Stark differences in academic achievement compelled the school to change the curriculum, Bavis said. School data for the 2011-12 academic year shows that 11th grade ACT scores for white students averaged 27.6, compared to 19.3 for Latino students and 18 for black students, though all three groups outscored their counterparts throughout the state and nation. Results on other standardized exams show similar disparities.

“The issue is to make AP and honors classes more accessible, specifically to students of color,” said Patricia Savage-Williams, a new school board member. “I don’t think it’s fair that kids, that their whole life plan, is determined by one test, the EXPLORE Test.”

Before the high school implemented the curriculum changes, scores on the EXPLORE test in the eighth grade determined whether ETHS incoming freshmen were placed in honors, regular, or remedial classes. Cardenas scored poorly in the science portion of the exam and for her first two years remained in regular science classes, despite earning all A’s and believing she could have done much more, she said.

“I basically got stuck there in a regular course,” she said. “If they had the mixed classes my freshman year of biology, I would have gotten honors credit.”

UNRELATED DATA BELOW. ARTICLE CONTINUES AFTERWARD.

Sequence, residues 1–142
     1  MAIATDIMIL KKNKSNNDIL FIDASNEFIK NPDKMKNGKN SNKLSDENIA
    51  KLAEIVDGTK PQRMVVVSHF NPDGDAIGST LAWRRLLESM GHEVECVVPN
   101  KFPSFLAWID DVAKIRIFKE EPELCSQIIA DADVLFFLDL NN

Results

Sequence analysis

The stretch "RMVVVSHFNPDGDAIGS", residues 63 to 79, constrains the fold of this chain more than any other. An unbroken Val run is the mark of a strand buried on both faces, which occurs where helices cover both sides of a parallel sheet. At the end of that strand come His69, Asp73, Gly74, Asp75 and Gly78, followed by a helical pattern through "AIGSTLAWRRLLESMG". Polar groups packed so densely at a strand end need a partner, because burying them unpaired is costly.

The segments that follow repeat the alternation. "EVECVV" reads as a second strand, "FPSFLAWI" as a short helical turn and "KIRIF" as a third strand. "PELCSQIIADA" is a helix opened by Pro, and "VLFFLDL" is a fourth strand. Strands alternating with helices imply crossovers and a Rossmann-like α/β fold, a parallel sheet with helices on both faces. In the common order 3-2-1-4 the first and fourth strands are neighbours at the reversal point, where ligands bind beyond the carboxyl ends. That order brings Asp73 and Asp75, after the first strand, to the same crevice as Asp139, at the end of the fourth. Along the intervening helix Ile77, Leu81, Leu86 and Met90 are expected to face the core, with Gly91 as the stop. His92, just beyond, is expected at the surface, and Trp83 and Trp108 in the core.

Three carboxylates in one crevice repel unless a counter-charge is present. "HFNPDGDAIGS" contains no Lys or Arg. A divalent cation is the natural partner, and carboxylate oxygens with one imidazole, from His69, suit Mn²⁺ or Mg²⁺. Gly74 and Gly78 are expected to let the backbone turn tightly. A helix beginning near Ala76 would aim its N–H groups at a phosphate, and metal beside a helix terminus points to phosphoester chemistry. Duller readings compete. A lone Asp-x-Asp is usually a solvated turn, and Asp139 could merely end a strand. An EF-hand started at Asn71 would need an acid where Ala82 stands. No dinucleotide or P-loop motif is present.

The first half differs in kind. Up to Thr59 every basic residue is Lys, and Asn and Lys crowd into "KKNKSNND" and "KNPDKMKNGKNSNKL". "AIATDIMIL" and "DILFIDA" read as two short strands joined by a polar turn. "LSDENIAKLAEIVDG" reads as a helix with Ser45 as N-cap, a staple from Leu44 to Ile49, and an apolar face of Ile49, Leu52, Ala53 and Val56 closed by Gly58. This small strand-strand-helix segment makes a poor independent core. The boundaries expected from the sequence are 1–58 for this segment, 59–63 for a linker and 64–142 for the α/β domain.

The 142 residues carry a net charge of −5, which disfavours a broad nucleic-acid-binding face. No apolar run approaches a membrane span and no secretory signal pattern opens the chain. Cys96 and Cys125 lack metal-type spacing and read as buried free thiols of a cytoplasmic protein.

As part of the curriculum changes, freshman year humanities class sizes were reduced from about 25 to 20 students, on average, although freshman biology classes have stayed the same size, Bavis said. Additionally, the history department has long offered mixed-level courses except for freshman year, and all electives are mixed-level, he said.

William Farmer, a ninth grade biology teacher and the president of ETHS’ teachers’ council, said his classes are now more representative of the student body than under the previous structure. He said most teachers are in favor of the changes, which he thinks have social benefits and create a more dynamic learning atmosphere.

“In general we appreciate the structure of the classes,” he said. “We think it’s been more thoughtfully developed than what existed before.”

Parents have expressed strong feelings about the changes. A mother, who asked not to be named because she has a freshman and a junior at the school, said she thought the “earned-honors” classes her son is currently taking are not as rigorous as the same classes her daughter took as a freshman.

“I don’t care who’s in the classroom with my kids,” she said. “What I care about is that they’re challenged and that there’s integrity to what they’re calling these classes.”

ETHS parent Elliot Frolichstein-Appel said he supports the curriculum changes but wants the school to act according to the results of Figlio’s study.

“The jury is still out on this one,” Frolichstein-Appel said. “But it’s better than one test they took on a Saturday in the eighth grade.”

Experts disagree on the merits of the tracking system. Loveless said the “detracking” initiatives he’s studied in the past were largely unsuccessful, although ETHS’ is different. Figlio said he hopes administrators will tinker with the initiatives as measures of the system’s success gradually come in rather than waiting until the study is complete.

“I personally would be surprised if the whole initiative turned out to be negative,” Figlio said. “I don’t think this is a disaster. There’s a lot of ground between not a disaster and great success. And it’s going to be somewhere in that continuum.”